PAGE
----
Estate Planning For Your Pet?
Although Leona Helmsely giving her beloved Maltese named Trouble $12 million (while leaving her late son's children nothing) got national attention and practically became a national joke, there is the issue of what happens when our pets outlive us. For many, their pets are part of their families. Some pets, like parrots, have very long life-spans. Last year, in July 2008, California's permissive pet trust statute was amended with a more modern statute with enforceable provisions. See California Probate Code Section 15212. As pet owners, we can certainly relate to some of our clients' wishes to plan for the future care of their pets.
California Probate Code Section 15212
Here is a summary of this relatively new statute:
■ A trust for the care of an animal is deemed to be for a "lawful noncharitable purpose."
■ "Animal" is broadly defined to include pets of any type as well as domestic animals.
■ The trust terminates when the last animal dies that was alive when the settlor died (unless the settlor provided otherwise in the trust instrument).
■ The court must liberally construe the trust. Extrinsic evidence is admissible to ascertain the settlor's intent.
■ Trust funds may be used only for the benefit of the animal unless the trust instrument provides otherwise.
■ When the trust ends, the balance of the trust property passes (1) according to the terms of the trust (i.e., to the remainder beneficiaries), (2) if none and the settlor created the trust in a non-residuary will clause, under the residuary clause, or (3) in other cases, to the settlor's heirs.
■ The settlor may name a trust enforcer in the trust. The court may appoint a trust enforcer.
■ Anyone interested in the welfare of the animal and any nonprofit charitable organization that has as its principal activity the care of animals may petition the court to enforce the trust.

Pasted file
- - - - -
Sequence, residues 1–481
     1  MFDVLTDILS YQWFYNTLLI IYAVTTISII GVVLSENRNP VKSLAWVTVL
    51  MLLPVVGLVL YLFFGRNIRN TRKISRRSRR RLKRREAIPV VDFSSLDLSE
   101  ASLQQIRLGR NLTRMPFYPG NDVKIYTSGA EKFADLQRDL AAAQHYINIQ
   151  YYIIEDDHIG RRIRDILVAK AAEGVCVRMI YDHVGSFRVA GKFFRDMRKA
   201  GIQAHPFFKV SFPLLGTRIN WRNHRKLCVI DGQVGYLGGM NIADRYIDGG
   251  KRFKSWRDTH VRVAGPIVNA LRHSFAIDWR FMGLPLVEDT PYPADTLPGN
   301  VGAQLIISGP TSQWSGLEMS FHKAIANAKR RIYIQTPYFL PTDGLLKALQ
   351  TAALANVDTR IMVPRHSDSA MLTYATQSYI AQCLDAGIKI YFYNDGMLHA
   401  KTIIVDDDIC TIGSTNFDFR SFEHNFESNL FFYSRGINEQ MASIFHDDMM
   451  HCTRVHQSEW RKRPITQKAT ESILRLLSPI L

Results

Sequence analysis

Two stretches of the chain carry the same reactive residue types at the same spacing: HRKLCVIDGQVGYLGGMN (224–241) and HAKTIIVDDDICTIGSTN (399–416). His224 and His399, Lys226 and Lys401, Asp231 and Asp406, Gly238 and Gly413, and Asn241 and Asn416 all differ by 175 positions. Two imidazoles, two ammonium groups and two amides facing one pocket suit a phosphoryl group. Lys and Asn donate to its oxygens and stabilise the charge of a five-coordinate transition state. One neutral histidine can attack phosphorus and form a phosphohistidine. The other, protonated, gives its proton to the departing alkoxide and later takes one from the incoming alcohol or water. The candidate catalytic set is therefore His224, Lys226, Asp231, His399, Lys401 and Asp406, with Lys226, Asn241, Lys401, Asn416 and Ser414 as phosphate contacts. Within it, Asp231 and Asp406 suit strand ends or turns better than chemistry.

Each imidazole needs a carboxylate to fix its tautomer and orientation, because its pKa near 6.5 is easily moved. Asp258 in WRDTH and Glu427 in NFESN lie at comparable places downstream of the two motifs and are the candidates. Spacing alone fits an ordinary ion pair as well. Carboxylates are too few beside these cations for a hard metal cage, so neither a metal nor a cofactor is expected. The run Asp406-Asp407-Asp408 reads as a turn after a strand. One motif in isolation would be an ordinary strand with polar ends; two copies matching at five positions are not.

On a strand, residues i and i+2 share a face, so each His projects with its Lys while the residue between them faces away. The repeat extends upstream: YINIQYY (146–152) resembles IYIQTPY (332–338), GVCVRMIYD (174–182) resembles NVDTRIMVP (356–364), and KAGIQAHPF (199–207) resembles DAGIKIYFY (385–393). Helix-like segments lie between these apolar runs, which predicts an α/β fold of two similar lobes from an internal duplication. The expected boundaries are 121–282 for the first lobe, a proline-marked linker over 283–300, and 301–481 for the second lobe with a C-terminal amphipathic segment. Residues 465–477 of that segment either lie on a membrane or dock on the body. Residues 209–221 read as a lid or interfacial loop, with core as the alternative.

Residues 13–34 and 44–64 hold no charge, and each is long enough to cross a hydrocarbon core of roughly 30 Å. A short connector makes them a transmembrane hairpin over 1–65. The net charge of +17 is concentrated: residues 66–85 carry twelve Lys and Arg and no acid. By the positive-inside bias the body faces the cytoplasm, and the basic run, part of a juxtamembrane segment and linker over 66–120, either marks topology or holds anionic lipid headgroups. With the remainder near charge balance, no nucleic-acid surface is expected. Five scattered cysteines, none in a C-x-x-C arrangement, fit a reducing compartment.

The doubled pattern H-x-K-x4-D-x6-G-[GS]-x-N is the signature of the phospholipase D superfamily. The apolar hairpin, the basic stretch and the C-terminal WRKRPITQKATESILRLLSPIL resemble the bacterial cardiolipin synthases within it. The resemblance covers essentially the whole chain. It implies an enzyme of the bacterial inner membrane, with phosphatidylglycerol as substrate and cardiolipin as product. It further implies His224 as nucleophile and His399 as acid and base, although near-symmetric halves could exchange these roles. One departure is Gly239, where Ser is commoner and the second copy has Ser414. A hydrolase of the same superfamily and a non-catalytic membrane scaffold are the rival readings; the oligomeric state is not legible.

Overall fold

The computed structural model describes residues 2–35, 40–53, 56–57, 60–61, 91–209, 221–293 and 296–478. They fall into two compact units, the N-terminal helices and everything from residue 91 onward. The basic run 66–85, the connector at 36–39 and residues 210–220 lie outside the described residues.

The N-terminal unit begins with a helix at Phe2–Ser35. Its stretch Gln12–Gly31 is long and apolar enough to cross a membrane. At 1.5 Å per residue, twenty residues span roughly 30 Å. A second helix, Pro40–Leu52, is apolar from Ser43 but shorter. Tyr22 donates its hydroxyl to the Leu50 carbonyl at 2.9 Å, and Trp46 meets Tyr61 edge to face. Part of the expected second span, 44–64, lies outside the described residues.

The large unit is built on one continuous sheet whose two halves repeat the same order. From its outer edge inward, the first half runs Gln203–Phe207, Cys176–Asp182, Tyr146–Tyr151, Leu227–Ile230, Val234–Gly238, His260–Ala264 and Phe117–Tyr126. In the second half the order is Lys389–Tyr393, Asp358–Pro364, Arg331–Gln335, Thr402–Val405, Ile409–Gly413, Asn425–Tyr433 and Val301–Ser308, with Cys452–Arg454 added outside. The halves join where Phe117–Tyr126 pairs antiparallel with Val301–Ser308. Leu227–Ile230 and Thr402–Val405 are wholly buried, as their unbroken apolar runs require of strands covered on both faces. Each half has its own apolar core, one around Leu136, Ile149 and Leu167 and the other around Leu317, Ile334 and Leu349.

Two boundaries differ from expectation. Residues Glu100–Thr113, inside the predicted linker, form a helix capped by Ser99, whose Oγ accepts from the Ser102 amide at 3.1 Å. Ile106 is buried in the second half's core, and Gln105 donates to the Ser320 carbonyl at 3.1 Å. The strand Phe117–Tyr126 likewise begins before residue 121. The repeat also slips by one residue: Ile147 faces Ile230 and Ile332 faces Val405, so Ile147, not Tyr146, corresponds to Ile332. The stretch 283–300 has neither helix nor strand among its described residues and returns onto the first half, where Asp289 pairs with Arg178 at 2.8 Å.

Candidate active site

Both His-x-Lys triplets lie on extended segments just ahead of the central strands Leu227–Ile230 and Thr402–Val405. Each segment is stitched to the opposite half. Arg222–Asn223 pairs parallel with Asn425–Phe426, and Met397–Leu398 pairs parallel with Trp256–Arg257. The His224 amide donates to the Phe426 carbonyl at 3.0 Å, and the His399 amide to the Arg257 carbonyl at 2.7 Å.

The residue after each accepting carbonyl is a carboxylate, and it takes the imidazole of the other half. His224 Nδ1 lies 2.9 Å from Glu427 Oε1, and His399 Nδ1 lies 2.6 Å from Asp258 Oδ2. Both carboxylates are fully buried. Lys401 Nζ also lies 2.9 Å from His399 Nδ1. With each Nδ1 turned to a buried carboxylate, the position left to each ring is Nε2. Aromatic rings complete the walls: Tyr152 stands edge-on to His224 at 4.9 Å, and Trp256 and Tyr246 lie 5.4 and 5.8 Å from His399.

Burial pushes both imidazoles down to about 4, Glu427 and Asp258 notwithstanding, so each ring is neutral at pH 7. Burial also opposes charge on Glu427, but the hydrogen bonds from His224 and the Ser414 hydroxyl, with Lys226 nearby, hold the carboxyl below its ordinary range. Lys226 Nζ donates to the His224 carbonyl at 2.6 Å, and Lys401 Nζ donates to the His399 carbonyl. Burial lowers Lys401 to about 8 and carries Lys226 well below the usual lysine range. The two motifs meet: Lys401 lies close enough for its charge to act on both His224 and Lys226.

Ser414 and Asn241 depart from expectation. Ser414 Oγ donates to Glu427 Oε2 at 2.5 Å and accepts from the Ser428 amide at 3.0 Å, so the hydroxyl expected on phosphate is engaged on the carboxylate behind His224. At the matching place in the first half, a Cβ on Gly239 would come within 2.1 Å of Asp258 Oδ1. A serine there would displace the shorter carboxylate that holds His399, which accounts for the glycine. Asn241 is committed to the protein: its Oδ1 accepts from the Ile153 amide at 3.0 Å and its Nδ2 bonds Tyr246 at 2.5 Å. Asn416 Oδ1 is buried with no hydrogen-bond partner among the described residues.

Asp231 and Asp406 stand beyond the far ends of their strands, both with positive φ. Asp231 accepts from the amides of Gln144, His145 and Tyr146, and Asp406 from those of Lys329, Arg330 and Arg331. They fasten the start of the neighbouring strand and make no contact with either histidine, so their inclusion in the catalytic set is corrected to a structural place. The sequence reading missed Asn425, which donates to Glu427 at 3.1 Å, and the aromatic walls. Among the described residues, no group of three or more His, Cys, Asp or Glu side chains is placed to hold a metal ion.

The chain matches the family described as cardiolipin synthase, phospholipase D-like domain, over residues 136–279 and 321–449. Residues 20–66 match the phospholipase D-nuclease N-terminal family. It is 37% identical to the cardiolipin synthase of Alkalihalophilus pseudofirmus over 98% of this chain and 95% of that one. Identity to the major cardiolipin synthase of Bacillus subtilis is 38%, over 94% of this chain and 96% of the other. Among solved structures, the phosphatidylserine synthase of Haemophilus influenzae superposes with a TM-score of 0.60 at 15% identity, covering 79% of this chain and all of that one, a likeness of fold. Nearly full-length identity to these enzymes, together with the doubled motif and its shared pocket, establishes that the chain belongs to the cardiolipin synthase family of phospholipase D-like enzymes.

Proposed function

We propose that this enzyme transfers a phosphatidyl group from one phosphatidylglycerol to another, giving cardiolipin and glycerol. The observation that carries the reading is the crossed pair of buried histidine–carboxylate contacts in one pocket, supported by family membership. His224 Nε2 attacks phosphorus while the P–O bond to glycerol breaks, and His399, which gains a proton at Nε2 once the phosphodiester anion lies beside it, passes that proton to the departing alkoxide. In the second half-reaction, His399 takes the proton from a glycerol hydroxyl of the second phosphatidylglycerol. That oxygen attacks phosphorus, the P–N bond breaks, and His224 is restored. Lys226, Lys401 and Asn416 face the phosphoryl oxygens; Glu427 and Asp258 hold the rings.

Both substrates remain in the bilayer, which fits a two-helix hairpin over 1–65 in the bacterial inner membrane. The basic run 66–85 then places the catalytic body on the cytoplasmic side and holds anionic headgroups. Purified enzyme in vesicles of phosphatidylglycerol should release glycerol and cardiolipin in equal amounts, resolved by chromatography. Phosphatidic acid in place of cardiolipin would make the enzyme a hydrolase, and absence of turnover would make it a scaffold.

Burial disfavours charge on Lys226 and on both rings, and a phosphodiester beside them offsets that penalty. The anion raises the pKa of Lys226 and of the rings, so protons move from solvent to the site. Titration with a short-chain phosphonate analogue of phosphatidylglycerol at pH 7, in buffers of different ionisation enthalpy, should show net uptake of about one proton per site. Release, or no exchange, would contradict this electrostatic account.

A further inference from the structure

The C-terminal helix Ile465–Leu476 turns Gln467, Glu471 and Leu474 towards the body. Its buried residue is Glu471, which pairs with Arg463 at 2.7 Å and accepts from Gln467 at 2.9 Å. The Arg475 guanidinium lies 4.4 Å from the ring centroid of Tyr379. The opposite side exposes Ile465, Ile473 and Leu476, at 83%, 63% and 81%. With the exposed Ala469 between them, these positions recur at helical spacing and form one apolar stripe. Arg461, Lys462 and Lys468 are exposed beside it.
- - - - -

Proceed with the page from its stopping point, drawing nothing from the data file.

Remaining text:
■ If the settlor did not name a trust or if the named trust is unable or unwilling to serve, the court must appoint a trustee.
■ Accountings must be given to the remainder beneficiaries (or those who would take upon the death of the animal) as well as to any nonprofit charitable corporation that has as its principal activity the care of animals and has made a written request for accountings.
■ Trusts with property valued at $40,000 or less are exempt from accountings, filings, reportings, and other requirements which normally apply to trusts under California law.
■ Upon a reasonable request, the animal and the trust records may be inspected by any beneficiary, the trust enforcer, or a nonprofit charitable corporation that has as its principal activity the care of animals.
How Your Estate Planning Attorney Can Help
As noted above, the laws of the state of California allow for trusts for the care of pets or domestic animals for the life of the animal. We will work with you to design the legal documents to take advantage of these laws for your pet’s protection. Proper planning can provide for the care of your pets not only in the event of death, but also for incapacity or temporary emergencies. Planning can lead to peace of mind, so you can rest assured that your pets will be cared for in the way that you desire.
You can provide directions regarding your pet’s medical conditions, health care, exercise needs, dietary needs, preferred veterinarian, and burial. Provisions for immediate access to your home for caregivers can be made. You can also appoint a different person to oversee the ongoing care of your pets to ensure that the caregiver is treating your pet in the manner that you set out in the trust.
Posted by Henry (Hank) J. Morevec III. With respect to estate planning and pets, Hank Moravec has over 20 years' experience as one of the best Los Angeles estate and trust attorneys and Los Angeles pet trust and is available should you need legal advice regarding your own or a family member's situation. He is also a devoted pet owner and understands the needs of his clients to take care of their pets in their estate planning.
For a consultation, You can e-mail Hank Moravec at firstname.lastname@example.org or call him at (626) 793-3210 to request a consultation. The firm website is http://www.moravecslaw.com/. The firm is located at 2233 Huntington Drive, Suite 17, San Marino, California 91108. There is ample free parking adjacent to the firm's office.
The office is located in San Marino, California, a suburb of Los Angeles in the San Gabriel area located 20 minutes from downtown Los Angeles. The firm represents clients throughout California and its attorneys engage in estate planning for clients throughout Southern California.